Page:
6. A method according to claim 5 wherein the glass body comprises a rod and the cladding glass a tube of optical glass of slightly larger diameter than the rod and the ends of these glasses are fused together into one solid mass by heating them to a temperature at which they become plastic and begin to flow towards a point and glass is then removed from the point and drawn down in one operation to form a fine diameter fiber.

Patent Citations
Cited PatentFiling datePublication dateApplicantTitle
US1793529 *Jan 4, 1928Feb 24, 1931Baker & Co IncProcess and apparatus for making filaments
US1899146 *Jul 11, 1927Feb 28, 1933James GrossGlass bar and method of making same
US1920366 *Jan 14, 1932Aug 1, 1933Corning Glass WorksManufacture of drawn glass
US2313296 *Sep 23, 1937Mar 9, 1943Lamesch ArmandFiber or filament of glass
US2608722 *Sep 6, 1950Sep 2, 1952Otmar M StuetzerProcess for making microspacers
US2825260 *Nov 19, 1954Mar 4, 1958Brian O'brienOptical image forming devices
IT520564A * Title not available
Non-Patent Citations
Reference
1 *Mature, Jan. 2, 1954 pages 39 41 Vol. 173 No. 4392, A New Method of Transporting Optical Images
Referenced by
Citing PatentFiling datePublication dateApplicantTitle
US3877912 *Oct 9, 1973Apr 15, 1975Sumitomo Electric IndustriesMethod of producing an optical transmission line
US7089765May 20, 2002Aug 15, 2006Heraeus Tenevo GmbhMethod of making a jacketed preform for optical fibers using OVD
US20020136515 *May 20, 2002Sep 26, 2002Hartwig SchaperSubstrate tube and process for producing a preform for an optical fiber
DE2803589A1 *Jan 27, 1978Aug 3, 1978Nippon Sheet Glass Co LtdVerfahren zur herstellung optischer glasfasern und hierfuer geeigneter spinnofen
DE102015114742A1Sep 3, 2015Mar 9, 2017Imk Automotive GmbhKinematik für ein intrakorporal angetriebenes Instrument eines Endoskops
DE202015104679U1Sep 3, 2015Sep 23, 2015Imk Automotive GmbhKinematik für ein intrakorporal angetriebenes Instrument eines Endoskops
Classifications
U.S. Classification65/405, 65/60.8, 65/60.5, 65/121
International ClassificationC03B37/029, C03B37/027, C03B37/02, G02B6/02, C03C25/10
Cooperative ClassificationC03B37/027, C03B37/029, C03B2205/16, G02B6/02, C03C25/107
European ClassificationG02B6/02, C03C25/10P4, C03B37/029, C03B37/027
Legal Events
DateCodeEventDescription
Sep 6, 1991ASAssignment
Owner name: CIRCON CORPORATION A CORP. OF DE
Free format text: RELEASE BY SECURED PARTY;ASSIGNOR:CONNECTICUT BANK AND TRUST, N.A.;REEL/FRAME:005856/0052
Effective date: 19900405
Sep 6, 1991AS99Other assignments
Free format text: CIRCON CORPORATION A CORP. OF DE * CONNECTICUT BANK AND TRUST, N.A. : 19900405 OTHER CASES: NONE; RELEASE BY SECURED PARTY (SEE DOCUMENT FOR DETAILS)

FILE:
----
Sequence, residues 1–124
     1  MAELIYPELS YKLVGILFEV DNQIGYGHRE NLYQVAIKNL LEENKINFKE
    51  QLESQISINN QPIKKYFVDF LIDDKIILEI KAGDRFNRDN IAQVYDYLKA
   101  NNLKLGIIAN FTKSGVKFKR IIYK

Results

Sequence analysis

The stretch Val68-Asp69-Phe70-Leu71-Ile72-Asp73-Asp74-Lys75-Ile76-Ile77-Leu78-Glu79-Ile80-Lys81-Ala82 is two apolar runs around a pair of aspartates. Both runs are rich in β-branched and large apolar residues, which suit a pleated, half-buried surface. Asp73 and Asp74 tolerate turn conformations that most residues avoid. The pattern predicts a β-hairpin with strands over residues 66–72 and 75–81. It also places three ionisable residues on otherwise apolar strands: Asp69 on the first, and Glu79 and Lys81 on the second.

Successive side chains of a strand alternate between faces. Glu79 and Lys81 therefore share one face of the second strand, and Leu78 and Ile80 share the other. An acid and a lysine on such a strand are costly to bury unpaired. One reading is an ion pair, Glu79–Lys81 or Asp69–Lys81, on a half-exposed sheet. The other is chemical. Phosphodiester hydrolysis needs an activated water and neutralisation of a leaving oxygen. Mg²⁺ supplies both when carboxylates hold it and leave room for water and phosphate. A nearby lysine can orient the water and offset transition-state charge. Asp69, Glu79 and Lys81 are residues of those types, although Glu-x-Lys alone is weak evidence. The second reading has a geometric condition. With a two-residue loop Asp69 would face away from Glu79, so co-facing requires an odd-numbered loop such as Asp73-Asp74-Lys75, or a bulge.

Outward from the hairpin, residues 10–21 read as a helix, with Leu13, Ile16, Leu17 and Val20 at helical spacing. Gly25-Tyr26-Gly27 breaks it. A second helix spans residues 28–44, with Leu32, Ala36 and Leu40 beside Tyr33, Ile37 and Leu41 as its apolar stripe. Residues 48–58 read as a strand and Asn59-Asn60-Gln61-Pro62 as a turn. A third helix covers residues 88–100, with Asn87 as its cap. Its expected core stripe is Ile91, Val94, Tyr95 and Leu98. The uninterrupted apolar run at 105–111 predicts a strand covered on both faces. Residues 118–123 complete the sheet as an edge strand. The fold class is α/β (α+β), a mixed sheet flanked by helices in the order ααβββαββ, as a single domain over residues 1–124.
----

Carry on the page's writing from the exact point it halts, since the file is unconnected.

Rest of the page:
Mar 7, 1988ASAssignment
Owner name: CIRCON CORPORATION, A CORP. OF CA
Free format text: ASSIGNMENT OF ASSIGNORS INTEREST.;ASSIGNOR:SECURITY PACIFIC NATIONAL BANK;REEL/FRAME:004827/0300
Effective date: 19880226
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Free format text: ASSIGNMENT OF ASSIGNORS INTEREST;ASSIGNOR:SECURITY PACIFIC NATIONAL BANK;REEL/FRAME:004827/0300
Mar 4, 1988ASAssignment
Owner name: CONNECTICUT BANK AND TRUST COMPANY, THE
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Effective date: 19880226
Mar 4, 1988AS06Security interest
Owner name: CIRCON CORPORATION
Effective date: 19880226
Owner name: CONNECTICUT BANK AND TRUST COMPANY, THE
Aug 6, 1986AS02Assignment of assignor's interest
Owner name: AMERICAN HOSPITAL SUPPLY CORPORATION
Effective date: 19860806
Owner name: BAXTER LABORATORIES, INC.
Owner name: CIRCON CORPORATION, 749 WARD DRIVE, SANTA BARBARA,
Aug 6, 1986AS06Security interest
Owner name: CIRCON CORPORATION, A CORP. OF CA.
Owner name: SECURITY PACIFIC NATIONAL BANK, A NATIONAL BANKING
Effective date: 19860806
Aug 6, 1986ASAssignment
Owner name: CIRCON CORPORATION, 749 WARD DRIVE, SANTA BARBARA,
Free format text: ASSIGNMENT OF ASSIGNORS INTEREST.;ASSIGNORS:BAXTER LABORATORIES, INC.;AMERICAN HOSPITAL SUPPLY CORPORATION;REEL/FRAME:004610/0146
Owner name: SECURITY PACIFIC NATIONAL BANK, A NATIONAL BANKING
Free format text: SECURITY INTEREST;ASSIGNOR:CIRCON CORPORATION, A CORP. OF CA.;REEL/FRAME:004610/0150
Effective date: 19860806
Free format text: ASSIGNMENT OF ASSIGNORS INTEREST;ASSIGNORS:BAXTER LABORATORIES, INC.;AMERICAN HOSPITAL SUPPLY CORPORATION;REEL/FRAME:004610/0146